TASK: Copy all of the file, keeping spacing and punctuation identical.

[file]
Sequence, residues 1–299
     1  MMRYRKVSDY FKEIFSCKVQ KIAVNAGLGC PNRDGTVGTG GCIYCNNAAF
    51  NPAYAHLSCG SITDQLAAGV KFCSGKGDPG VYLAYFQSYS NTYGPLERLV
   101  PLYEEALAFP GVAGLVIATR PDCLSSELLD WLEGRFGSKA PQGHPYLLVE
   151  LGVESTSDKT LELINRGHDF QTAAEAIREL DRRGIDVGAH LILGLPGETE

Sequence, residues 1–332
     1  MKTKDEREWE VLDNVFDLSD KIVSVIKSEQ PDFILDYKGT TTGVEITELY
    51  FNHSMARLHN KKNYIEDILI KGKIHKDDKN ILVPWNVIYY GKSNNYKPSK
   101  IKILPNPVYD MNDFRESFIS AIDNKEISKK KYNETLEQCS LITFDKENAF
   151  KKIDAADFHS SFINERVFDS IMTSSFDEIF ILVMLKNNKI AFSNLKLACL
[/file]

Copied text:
Sequence, residues 1–299
     1  MMRYRKVSDY FKEIFSCKVQ KIAVNAGLGC PNRDGTVGTG GCIYCNNAAF
    51  NPAYAHLSCG SITDQLAAGV KFCSGKGDPG VYLAYFQSYS NTYGPLERLV
   101  PLYEEALAFP GVAGLVIATR PDCLSSELLD WLEGRFGSKA PQGHPYLLVE
   151  LGVESTSDKT LELINRGHDF QTAAEAIREL DRRGIDVGAH LILGLPGETE

Sequence, residues 1–332
     1  MKTKDEREWE VLDNVFDLSD KIVSVIKSEQ PDFILDYKGT TTGVEITELY
    51  FNHSMARLHN KKNYIEDILI KGKIHKDDKN ILVPWNVIYY GKSNNYKPSK
   101  IKILPNPVYD MNDFRESFIS AIDNKEISKK KYNETLEQCS LITFDKENAF
   151  KKIDAADFHS SFINERVFDS IMTSSFDEIF ILVMLKNNKI AFSNLKLACL